Calculus-based course covering the more advanced topics in introductory physics. Emphasis on developing analytical and computational skills needed to study physics at a more advanced level. Topics include Newtonian mechanics and applications, Maxwell's equations and applications. Prerequisite(s): PHYSICS 1702 (880:131). (Fall)

PHYSICS 2700. Mathematical Methods of Physics — 3 hrs.

Introduction to the mathematical methods used in upper-level Physics courses, illustrated with applications from all areas of Physics. Applications will illustrate electrodynamics, thermodynamics, classical mechanics and quantum mechanics. Prerequisite(s): MATH 1420 (800:060); MATH 1421 (800:061); MATH 2422 (800:062); PHYSICS 1701 (880:130); PHYSICS 1702 (880:131); PHYSICS 2300 (880:132). (Spring)

PHYSICS 3000 (880:180). Undergraduate Research in Physics — 1-6 hrs.

Research activities under direct supervision of sponsoring staff members or at a national laboratory. Should normally be taken after the first year of the major. Successful completion of the research experience requires both a written and oral report. Prerequisite(s): minimum overall 2.50 GPA; consent of department. (Fall and Spring)

PHYSICS 3179 (880:179). Cooperative Education.

Applied physics internship under PHYSICS 3179 (880:179) should be taken during the junior or senior year. If unable to do so, the internship may be done under PHYSICS 3500 (880:184) with consent of department. Successful completion of either PHYSICS 3179 (880:179) or PHYSICS 3500 (880:184) requires both a written and an oral report. Offered on credit/no credit basis only. (Fall and Spring)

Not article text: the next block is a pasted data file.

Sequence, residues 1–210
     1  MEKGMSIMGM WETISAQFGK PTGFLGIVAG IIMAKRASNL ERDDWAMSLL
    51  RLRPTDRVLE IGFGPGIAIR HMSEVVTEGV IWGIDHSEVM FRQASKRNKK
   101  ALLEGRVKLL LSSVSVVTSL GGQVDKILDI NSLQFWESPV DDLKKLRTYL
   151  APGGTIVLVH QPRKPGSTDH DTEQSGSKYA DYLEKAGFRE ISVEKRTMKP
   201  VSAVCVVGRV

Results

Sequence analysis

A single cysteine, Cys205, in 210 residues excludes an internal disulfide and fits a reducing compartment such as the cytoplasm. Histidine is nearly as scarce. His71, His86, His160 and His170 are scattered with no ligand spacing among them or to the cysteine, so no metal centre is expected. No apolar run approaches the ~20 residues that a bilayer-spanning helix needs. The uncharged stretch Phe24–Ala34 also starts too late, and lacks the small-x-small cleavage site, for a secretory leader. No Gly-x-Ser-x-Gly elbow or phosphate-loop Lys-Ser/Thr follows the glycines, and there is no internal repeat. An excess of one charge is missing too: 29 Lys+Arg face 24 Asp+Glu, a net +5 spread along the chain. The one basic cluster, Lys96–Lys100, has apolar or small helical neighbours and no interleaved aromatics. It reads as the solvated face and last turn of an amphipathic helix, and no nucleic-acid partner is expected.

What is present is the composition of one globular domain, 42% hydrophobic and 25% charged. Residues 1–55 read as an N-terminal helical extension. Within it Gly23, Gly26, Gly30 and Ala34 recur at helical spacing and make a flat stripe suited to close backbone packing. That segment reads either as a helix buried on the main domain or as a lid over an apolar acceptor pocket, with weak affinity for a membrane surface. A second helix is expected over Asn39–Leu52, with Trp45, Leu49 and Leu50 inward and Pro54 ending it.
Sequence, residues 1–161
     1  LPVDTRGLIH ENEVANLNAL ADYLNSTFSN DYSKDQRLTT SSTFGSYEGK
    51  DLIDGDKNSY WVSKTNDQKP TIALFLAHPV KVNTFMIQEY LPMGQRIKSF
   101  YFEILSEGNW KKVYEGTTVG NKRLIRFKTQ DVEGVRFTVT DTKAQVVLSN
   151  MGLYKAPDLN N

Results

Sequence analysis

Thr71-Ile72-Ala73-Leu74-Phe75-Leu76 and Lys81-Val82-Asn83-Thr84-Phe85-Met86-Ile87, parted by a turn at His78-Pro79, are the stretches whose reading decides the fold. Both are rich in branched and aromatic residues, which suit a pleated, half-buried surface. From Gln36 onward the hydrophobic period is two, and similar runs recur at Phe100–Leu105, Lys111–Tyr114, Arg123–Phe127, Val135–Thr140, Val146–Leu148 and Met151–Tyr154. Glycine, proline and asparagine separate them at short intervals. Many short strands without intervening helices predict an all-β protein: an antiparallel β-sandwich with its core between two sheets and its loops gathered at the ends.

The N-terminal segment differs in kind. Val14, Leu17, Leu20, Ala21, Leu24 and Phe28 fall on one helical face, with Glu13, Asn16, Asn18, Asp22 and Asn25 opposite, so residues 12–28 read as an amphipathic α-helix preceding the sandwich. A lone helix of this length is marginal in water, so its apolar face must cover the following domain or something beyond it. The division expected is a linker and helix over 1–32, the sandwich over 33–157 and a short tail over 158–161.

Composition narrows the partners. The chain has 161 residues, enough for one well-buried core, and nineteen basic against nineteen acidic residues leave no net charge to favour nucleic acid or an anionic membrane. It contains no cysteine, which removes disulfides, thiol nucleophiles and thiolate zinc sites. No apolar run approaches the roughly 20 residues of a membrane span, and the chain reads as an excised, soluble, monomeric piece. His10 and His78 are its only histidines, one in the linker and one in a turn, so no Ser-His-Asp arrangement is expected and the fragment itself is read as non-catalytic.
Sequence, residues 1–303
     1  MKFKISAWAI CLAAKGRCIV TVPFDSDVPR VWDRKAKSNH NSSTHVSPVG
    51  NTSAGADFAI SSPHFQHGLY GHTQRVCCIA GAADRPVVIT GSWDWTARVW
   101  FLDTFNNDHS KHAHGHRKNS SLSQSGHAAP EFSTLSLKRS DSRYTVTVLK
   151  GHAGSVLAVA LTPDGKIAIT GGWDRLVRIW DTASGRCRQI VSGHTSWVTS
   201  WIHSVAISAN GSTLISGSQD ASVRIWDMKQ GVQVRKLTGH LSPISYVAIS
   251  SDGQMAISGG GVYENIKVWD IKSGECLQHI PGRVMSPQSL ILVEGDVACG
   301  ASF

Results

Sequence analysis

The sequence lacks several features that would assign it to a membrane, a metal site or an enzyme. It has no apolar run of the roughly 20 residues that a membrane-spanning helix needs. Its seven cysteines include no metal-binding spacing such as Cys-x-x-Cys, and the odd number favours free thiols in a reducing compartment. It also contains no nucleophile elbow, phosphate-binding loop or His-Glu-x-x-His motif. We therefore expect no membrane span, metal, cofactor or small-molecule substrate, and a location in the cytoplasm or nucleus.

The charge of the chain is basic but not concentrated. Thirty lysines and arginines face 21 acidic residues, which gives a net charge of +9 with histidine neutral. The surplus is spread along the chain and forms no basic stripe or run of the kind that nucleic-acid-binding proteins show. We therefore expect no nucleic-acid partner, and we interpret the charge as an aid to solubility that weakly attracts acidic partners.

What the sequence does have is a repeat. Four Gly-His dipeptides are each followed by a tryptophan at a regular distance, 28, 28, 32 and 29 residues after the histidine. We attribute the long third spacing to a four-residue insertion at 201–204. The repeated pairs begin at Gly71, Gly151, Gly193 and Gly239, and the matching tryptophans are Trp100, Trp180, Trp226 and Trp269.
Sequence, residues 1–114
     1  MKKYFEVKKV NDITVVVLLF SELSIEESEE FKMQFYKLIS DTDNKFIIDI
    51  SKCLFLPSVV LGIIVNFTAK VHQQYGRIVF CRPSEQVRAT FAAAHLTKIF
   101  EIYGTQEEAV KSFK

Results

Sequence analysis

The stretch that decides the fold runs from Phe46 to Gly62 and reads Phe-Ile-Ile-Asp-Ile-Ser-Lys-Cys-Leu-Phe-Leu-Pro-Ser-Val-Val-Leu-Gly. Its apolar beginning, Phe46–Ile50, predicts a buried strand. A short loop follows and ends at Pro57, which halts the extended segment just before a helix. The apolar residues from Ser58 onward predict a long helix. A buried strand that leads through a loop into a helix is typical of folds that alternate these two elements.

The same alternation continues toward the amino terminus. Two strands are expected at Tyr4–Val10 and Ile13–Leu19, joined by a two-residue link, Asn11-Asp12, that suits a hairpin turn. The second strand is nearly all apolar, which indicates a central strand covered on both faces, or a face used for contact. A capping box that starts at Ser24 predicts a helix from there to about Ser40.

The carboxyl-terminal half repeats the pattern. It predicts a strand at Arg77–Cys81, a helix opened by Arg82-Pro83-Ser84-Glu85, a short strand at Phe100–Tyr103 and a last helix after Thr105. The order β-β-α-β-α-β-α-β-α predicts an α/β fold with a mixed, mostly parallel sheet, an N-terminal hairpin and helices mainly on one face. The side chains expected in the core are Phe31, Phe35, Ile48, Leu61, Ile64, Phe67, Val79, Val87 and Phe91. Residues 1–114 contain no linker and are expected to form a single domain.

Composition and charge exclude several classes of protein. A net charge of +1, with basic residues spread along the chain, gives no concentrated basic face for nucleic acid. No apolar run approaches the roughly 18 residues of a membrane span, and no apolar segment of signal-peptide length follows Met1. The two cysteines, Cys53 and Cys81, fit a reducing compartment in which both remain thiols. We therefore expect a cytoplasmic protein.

PHYSICS 3500 (880:184). Internship in Applied Physics — 1-3 hrs.

Departmentally approved work in applied physics (at an industrial, medical, or government laboratory) followed by oral and written reports given on completed work. Offered on credit/no credit basis only. Prerequisite(s): minimum overall 2.50 GPA; consent of department. (Fall and Spring)

PHYSICS 3700 (880:187). Physics Seminar — 1 hr.

Seminar course covering aspects important for life after graduation. Participation in physics colloquia; oral report on research topic or internship, drafting resume/CV, interview, perform job and graduate school search. Prerequisite(s): PHYSICS 4100/5100 (880:137g). (Fall)

PHYSICS 4050/5050 (880:140g). Optical Science — 3 hrs.

An introduction to optics and applied optics. Topics include: geometric optics, wave optics, quantum optics, and introductions to lasers and optical spectroscopy. Discussion, 2 periods; lab, 2 periods. Prerequisite(s): PHYSICS 1512 (880:056) or PHYSICS 1702 (880:131); junior standing or consent of department head. (Fall)